Ideas with Impact
UNB Faculty of Management

Predicting workplace tradeoffs: impact of job crafting competencies

Author: Faculty of Management

Posted on Oct 24, 2022

Category: Faculty , Alumni

Jobcrafting is the process of workers making changes to their positions to improve the job for themselves. It can involve adding or reducing tasks, or otherwise changing aspects of the job. In a recent article published in Human Resource Management (included in the Financial Times Top 50 journals), Dr. Patrick Bruning introduces the concept of jobcrafting competencies to predict tradeoffs between competing workplace outcomes like performance and well-being or engagement and withdrawal.

Jobcrafting competencies are specifically defined as “the clusters of individual knowledge, skills, and abilities that are necessary to achieve personal objectives through effective job crafting problem-solving,” says Bruning. His work provides practical insights for managers and employees by helping them consider the jobcrafting types and processes that facilitate greater satisfaction, retention and productivity.

Bruning has published two studies on jobcrafting competencies. In the first study, jobcrafting competencies were considered as personal profiles that were demonstrated by participants through an assessment focused on workers’ knowledge and skills to eventually predict differences in their work outcomes. The analyses revealed five different profiles that each had different patterns of relationships with workers’ performance and well-being.”

In his recent study, entitled “Assessing jobcrafting competencies to predict tradeoffs between competing outcomes,” Bruning used a survey to assess whether the five profiles reflect different thought processes that workers can have.

“In a general sense, the research used jobcrafting competencies to help explain how workers can experience different patterns of outcomes and tradeoffs according to the unique competency profiles they have.” Bruning’s study suggests that the effectiveness of workers’ jobcrafting not only depends on the types of jobcrafting activities they engage, but also the way they decide how to engage this jobcrafting. There are a few important and practical takeaways from this research.

“Workers who engage in what we refer to as ‘practical problem-solving’ appear to minimize the tradeoffs between performance and personal well-being that are inherent in contemporary work situations. This is perhaps the most interesting and important finding because it suggests a path towards helping people better manage their work demands and personal needs,” says Bruning.

Workers who find themselves in a position where they need to maximize their performance (for example, to meet an impending work deadline or complete a critical assignment in their coursework) might benefit from what we refer to as high-volume analytic problem-solving. This approach involves addressing a large number of relevant issues encountered in one’s work; and then diligently and completely engaging more comprehensive searches for quality solutions for each of the multiple problems. “This problem-solving pattern shows a definite downside because it appeared to be related to lower levels of worker well-being. Therefore, people should be selective when adopting this approach to solving problems they face at work because it seems to be the profile that is most likely to harm their well-being.”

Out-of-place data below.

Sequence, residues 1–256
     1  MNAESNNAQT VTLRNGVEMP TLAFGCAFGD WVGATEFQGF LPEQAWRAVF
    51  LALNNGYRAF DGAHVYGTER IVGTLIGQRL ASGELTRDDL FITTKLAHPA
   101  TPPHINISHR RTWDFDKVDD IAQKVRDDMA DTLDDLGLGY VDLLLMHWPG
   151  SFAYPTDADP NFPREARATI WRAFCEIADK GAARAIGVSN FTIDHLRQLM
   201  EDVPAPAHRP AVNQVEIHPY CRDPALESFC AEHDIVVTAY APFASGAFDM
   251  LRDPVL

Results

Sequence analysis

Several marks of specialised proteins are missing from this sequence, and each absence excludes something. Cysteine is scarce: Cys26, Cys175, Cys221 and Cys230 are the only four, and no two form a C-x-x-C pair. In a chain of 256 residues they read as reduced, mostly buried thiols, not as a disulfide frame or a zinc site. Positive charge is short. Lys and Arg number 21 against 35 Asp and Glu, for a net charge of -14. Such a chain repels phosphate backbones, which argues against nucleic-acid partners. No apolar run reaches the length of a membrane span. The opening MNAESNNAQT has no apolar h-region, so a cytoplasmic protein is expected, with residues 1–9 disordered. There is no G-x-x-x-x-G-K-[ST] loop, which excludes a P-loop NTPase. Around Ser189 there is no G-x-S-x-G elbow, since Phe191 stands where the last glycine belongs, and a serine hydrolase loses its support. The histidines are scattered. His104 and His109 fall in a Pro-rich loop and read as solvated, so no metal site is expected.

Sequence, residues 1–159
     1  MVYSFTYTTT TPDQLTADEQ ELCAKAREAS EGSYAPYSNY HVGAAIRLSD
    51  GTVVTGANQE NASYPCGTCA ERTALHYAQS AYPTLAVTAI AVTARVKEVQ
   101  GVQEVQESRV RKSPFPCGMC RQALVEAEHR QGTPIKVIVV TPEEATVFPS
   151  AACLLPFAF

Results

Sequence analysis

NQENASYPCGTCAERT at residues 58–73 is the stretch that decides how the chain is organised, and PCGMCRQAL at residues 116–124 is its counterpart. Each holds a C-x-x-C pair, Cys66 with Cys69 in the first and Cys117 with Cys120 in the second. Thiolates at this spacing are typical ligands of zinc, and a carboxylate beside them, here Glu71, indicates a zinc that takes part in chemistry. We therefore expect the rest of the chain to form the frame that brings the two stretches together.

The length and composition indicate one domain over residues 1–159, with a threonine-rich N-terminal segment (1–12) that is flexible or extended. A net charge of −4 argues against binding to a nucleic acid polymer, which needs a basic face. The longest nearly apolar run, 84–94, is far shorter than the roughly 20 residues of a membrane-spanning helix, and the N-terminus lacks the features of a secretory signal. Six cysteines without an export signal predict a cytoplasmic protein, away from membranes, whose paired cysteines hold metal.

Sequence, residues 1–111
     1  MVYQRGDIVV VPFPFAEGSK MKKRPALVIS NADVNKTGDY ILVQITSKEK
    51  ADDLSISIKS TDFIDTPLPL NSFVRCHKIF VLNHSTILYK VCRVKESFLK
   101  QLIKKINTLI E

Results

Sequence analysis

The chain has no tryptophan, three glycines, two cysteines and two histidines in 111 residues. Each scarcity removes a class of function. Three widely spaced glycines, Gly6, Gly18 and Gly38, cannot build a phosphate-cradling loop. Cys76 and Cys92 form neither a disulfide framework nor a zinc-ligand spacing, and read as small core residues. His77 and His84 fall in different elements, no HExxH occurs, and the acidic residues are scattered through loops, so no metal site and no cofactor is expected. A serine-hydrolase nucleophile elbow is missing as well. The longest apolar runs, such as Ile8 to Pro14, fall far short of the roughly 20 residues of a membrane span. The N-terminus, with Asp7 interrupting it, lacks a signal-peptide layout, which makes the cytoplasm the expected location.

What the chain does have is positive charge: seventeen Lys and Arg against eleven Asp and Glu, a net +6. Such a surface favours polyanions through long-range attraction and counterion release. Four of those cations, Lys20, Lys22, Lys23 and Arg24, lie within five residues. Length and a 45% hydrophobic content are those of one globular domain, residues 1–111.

The ambivalent acquiescence approach - the problem-solving approach where one passively accepts or minimizes the perception that problems exist but does little to solve them – seems to benefit employees’ well-being but noticeably lowers their work performance. “At the same time, there did appear to be other alternative profiles like practical problem-solving or low-volume analytic problem-solving, (like engaging a comprehensive problem-solving process for a narrow subset of the problems one faces) that helped people maintain their well-being while also minimizing the performance deficits associated with ambivalent acquiescence.” Hence, workers and students are encouraged to engage in these other more productive approaches rather than ambivalent acquiescence whenever they can. If they are not capable of engaging these other approaches, they might focus on developing the knowledge and skills to be able to use these approaches in the future.

Bruning’s interest in jobcrafting goes back to the beginning of his academic career. Here, he gained a keen appreciation for the fact that employees often modify and re-design their jobs to fit their demands, personal needs, and individual capabilities; and that these changes can be important predictors of their performance at work.

“When the research on jobcrafting first emerged, the majority of it was focused on understanding the different types of jobcrafting activities and how these different activities can be predicted by a person’s disposition and the characteristics of their jobs. There seemed to be a need to better understand how a person’s competencies and capabilities influence the effectiveness of their jobcrafting activities.”

Bruning integrates the concepts of jobcrafting into the organizational behaviour and motivation courses he teaches in the BBA program at UNB’s faculty of management. “Here, I use the logic of jobcrafting to teach students important organizational behaviour topics from the perspective that the theories and ideas can be used as important tools to help them self-manage their performance and well-being in their programs and future professional careers.”

Learn more about Bruning’s teaching and research activities.

Learn more about UNB’s faculty of management.